Recently, while learning about the XOR operation, I came across an interesting property of XOR operation. The property is as follows:

XOR of a number with itself cancels out the number

For example, if we take the number `5`

and XOR it with itself, we get `0`

as the result. That is `5 ^ 5 = 0`

.

*Try changing the input fields* 😉

If you are confused how the above operation works, you can check out the truth table below:

A | B | A XOR B |
---|---|---|

1 | 1 | 0 |

1 | 0 | 1 |

0 | 1 | 1 |

0 | 0 | 0 |

### Problem Statement

If you have been given a array `arr = [1, 2, 3, 11, 1, 2, 3]`

then find the unique number. Note then all the numbers are repeated twice and a unique is only available once in the given array. Note that the array is not sorted and the numbers are not in any particular order.

### Solution

If we XOR each element in the array with each other then the duplicates would be canceled out giving us the remaining unique number. See the below code in Python.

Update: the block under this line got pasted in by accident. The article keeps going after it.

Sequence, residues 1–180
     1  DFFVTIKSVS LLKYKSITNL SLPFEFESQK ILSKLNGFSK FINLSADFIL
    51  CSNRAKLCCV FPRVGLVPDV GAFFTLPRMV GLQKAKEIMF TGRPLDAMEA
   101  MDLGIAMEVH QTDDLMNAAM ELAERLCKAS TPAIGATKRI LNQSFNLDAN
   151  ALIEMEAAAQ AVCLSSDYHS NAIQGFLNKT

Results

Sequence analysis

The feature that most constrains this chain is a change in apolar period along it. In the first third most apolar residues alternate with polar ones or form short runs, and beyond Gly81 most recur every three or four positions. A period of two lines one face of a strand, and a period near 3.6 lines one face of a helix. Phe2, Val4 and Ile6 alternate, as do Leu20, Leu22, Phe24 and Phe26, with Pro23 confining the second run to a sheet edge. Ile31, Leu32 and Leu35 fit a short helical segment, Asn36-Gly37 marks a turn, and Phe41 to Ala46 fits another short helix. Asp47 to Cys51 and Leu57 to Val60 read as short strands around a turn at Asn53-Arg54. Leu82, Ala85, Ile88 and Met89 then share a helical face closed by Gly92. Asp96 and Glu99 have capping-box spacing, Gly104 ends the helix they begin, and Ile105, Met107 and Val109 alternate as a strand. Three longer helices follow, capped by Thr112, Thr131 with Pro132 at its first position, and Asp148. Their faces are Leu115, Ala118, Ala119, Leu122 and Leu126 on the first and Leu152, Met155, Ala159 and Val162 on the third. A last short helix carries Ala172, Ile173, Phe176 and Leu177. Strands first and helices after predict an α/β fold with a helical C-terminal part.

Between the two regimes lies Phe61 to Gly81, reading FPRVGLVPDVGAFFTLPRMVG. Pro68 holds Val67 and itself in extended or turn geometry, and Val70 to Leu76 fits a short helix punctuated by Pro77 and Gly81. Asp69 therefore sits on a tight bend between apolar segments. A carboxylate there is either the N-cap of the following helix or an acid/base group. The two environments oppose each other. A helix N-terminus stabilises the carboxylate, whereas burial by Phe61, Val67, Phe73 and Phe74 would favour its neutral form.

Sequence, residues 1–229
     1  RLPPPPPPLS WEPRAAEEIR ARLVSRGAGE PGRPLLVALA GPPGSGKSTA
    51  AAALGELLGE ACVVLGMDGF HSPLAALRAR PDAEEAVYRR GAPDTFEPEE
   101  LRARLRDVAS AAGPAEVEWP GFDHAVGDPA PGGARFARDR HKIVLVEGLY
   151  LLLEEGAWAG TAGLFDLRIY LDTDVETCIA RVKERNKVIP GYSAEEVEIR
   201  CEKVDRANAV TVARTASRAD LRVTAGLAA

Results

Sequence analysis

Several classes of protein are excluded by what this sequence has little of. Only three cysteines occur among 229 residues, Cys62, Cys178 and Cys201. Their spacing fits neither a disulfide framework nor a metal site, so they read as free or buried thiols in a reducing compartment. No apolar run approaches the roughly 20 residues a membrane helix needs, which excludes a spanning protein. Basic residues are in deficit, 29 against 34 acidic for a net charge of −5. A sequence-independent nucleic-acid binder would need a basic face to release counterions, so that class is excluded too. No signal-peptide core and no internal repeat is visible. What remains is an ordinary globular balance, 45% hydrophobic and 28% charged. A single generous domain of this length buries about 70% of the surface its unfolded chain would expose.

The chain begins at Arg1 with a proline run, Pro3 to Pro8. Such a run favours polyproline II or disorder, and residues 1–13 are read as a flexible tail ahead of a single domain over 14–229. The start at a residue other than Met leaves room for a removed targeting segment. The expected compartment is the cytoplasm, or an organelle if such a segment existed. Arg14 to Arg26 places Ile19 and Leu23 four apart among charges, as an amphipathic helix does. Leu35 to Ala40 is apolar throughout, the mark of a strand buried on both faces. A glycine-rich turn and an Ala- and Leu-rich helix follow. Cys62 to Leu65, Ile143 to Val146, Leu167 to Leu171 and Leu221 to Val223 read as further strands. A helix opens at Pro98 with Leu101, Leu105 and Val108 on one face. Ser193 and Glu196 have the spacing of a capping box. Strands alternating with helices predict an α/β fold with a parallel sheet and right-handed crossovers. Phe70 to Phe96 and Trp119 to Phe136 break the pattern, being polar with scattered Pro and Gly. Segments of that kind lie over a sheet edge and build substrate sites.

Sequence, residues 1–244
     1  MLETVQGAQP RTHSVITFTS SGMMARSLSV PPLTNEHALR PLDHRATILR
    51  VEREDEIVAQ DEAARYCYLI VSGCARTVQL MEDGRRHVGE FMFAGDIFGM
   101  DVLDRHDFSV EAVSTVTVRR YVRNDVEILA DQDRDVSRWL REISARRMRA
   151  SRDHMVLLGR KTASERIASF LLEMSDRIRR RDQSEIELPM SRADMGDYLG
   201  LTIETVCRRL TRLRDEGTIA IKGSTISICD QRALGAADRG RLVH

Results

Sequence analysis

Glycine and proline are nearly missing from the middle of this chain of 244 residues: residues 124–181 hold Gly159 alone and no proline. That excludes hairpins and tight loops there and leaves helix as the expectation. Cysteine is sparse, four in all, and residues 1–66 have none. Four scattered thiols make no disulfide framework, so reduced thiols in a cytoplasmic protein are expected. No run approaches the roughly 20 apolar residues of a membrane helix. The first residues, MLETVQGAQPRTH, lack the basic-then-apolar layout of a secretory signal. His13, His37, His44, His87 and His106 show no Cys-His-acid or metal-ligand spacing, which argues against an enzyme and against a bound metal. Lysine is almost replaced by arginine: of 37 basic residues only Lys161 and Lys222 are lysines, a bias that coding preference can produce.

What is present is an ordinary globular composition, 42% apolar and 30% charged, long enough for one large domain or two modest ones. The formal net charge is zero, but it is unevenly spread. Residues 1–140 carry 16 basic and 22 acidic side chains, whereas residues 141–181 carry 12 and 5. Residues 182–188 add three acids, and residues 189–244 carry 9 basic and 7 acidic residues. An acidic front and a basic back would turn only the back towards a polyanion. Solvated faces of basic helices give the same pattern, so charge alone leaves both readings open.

```
>>> arr = [1, 2, 3, 11, 1, 2, 3]
>>> unique = 0
>>> for num in arr:
... unique ^= num
...
>>> unique
11
```

This is the efficient solution to the problem. The time complexity of the solution is `O(n)`

and the space complexity is `O(1)`

.

### Code

I’ve written the code in multiple languages. You can check out the code below:

##### C/C++

```
#include <stdio.h>
int main() {
int arr[] = {1, 2, 3, 11, 1, 2, 3};
int unique = 0;
for (int i = 0; i < 7; i++) {
unique ^= arr[i];
}
printf("%d\n", unique);
return 0;
}
```

##### Java

```
public class Main {
public static void main(String[] args) {
int[] arr = {1, 2, 3, 11, 1, 2, 3};
int unique = 0;
for (int i = 0; i < arr.length; i++) {
unique ^= arr[i];
}
System.out.println(unique);
}
}
```

##### Python

```
arr = [1, 2, 3, 11, 1, 2, 3]
unique = 0
for num in arr:
unique ^= num
print(unique)
```

##### JavaScript

```
const arr = [1, 2, 3, 11, 1, 2, 3];
let unique = 0;
for (let i = 0; i < arr.length; i++) {
unique ^= arr[i];
}
console.log(unique);
```